Because Apple TV Chan­nels is lim­it­ed to a small hand­ful of net­works — CBS, AMC, HBO, etc. — Apple is strong­ly incen­tivized to pro­mote shows from those net­works to encour­age me to sub­scribe to them through Apple. And with orig­i­nal con­tent being pro­duced for Apple TV+, they’re also incen­tivized to rec­om­mend their own shows to me, some­times with an entire row of con­tent in the UI.

This destroys what trust I once had in the con­tent cura­tion. It would be naive to think the rec­om­men­da­tions weren’t at all pre­vi­ous­ly moti­vat­ed by sales, but now when I see an Apple TV+ or CBS show high­light­ed, I know it’s effec­tive­ly no dif­fer­ent from an ad. They would rec­om­mend “The Morn­ing Show” to me whether or not it was good.

I almost wish they had an “edi­to­r­i­al depart­ment” who curat­ed the con­tents of the TV app and were not behold­en to the oth­er teams at Apple what­so­ev­er.

Apple Arcade: Games That Won’t Piss You Off

This hol­i­day I’ve been trav­el­ing to spend the week vis­it­ing some of my fam­i­ly, includ­ing four of my nieces and nephews. My youngest niece is 10 and I thought she’d like sit­ting on the couch solv­ing some kind of puzzle‑y iPad game with me. I went to Apple Arcade and down­loaded Tint, which I’d nev­er played before.

The expe­ri­ence of play­ing Tint real­ly made appar­ent the dif­fer­ence in play­ing an Apple Arcade game ver­sus vir­tu­al­ly any oth­er game on the App Store. Play­ing it was almost uncan­ny — the genre it rep­re­sents as a geom­e­try-based puz­zle game is the kind of thing that absolute­ly floods the App Store and shows you unskip­pable 30-sec­ond ads for tow­er defense games between lev­els. Even games with­in this genre that do cost a buck or two up front will like­ly have some forms of in-app pur­chas­es, for rubies, gems, in-game hints, extra lev­els, etc. I kept expect­ing the game­play to be inter­rupt­ed by some­thing ugly, loud, or obnox­ious, but it nev­er hap­pened.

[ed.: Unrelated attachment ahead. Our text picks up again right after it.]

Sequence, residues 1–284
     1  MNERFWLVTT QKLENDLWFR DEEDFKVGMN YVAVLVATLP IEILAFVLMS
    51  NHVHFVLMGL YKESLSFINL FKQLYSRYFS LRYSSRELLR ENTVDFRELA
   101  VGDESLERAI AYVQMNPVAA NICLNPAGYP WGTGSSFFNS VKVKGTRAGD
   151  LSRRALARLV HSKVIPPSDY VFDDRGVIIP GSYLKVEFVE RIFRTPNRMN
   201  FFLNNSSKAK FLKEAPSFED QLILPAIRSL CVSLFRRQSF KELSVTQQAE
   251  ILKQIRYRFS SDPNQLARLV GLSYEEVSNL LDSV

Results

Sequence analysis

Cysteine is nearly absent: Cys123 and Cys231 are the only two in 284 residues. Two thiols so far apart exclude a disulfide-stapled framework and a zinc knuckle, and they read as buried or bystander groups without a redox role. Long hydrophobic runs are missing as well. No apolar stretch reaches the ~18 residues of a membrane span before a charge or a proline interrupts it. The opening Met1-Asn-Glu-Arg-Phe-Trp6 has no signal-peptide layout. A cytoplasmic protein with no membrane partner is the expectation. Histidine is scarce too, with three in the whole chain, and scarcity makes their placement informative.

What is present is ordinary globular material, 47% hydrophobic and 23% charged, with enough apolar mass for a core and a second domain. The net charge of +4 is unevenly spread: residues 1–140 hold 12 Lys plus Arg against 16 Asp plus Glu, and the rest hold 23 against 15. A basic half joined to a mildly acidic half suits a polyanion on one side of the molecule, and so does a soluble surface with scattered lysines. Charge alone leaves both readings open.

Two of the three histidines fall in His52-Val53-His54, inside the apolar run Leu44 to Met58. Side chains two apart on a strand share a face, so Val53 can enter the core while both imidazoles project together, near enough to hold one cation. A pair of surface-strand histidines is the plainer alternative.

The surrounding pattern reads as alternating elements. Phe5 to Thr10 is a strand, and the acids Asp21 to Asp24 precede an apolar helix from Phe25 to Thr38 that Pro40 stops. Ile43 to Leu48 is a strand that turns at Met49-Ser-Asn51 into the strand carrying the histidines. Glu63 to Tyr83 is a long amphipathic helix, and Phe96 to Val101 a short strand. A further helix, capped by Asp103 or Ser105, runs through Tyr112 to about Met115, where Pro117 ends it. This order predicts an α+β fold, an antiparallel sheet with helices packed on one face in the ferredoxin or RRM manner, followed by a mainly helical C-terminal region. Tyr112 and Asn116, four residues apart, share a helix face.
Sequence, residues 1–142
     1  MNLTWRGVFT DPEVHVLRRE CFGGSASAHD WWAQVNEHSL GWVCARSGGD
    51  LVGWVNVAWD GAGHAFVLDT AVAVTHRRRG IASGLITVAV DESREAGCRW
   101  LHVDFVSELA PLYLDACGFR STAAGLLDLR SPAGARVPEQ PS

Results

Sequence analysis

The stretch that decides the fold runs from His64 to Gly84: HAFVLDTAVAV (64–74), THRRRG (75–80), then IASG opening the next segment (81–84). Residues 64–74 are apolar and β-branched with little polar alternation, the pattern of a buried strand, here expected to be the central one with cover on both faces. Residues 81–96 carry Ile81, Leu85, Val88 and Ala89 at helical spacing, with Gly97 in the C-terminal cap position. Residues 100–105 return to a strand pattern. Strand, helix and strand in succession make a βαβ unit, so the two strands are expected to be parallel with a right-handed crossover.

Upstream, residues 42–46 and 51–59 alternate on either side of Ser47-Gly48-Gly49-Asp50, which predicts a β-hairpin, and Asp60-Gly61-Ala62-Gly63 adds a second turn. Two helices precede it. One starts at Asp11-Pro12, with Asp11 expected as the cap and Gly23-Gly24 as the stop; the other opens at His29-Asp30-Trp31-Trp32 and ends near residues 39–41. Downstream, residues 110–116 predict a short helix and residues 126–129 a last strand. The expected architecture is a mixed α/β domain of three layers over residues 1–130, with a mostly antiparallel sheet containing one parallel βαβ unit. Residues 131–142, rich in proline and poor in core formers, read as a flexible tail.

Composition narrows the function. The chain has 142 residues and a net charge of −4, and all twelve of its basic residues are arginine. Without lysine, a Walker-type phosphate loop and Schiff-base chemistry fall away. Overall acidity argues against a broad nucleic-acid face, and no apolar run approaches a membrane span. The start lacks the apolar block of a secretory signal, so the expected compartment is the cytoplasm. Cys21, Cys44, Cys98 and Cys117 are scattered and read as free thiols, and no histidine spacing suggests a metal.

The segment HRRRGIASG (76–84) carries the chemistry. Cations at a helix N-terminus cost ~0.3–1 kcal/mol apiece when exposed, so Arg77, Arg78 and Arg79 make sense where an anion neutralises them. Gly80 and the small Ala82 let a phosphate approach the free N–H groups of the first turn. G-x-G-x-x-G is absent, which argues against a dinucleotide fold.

There are plen­ty of poor Apple Arcade games, but they’re poor in ways that oth­er games in the App Store aren’t — in a short­com­ing of game­play design, art­work, or exe­cu­tion, rather than in a dis­re­spect for the val­ue of cus­tomers’ time and mon­ey. These games feel as though they were made by peo­ple, not by cheap puz­zle-gen­er­at­ing algo­rithms, copy­cats, or fly-by-night App Store flood­ing.

No, your iPhone is not listening to you

There’s a lot of FUD going around about your phone lis­ten­ing to every­thing you say and sell­ing that data to adver­tis­ers. This is wild­ly and irre­spon­si­bly mis­lead­ing.

I can’t speak for Android phones because those things are the Wild West of APIs and out­dat­ed OSes and mal­ware, so use Android phones at your own risk.

Here is the claim being made, in short:

Any third-par­ty (non-Apple) app you have installed on your iPhone can record and remote­ly save con­ver­sa­tions tak­ing place with­in earshot of your iPhone, even when the app isn’t run­ning (in the fore­ground or in the back­ground), and even when the phone is sleep­ing.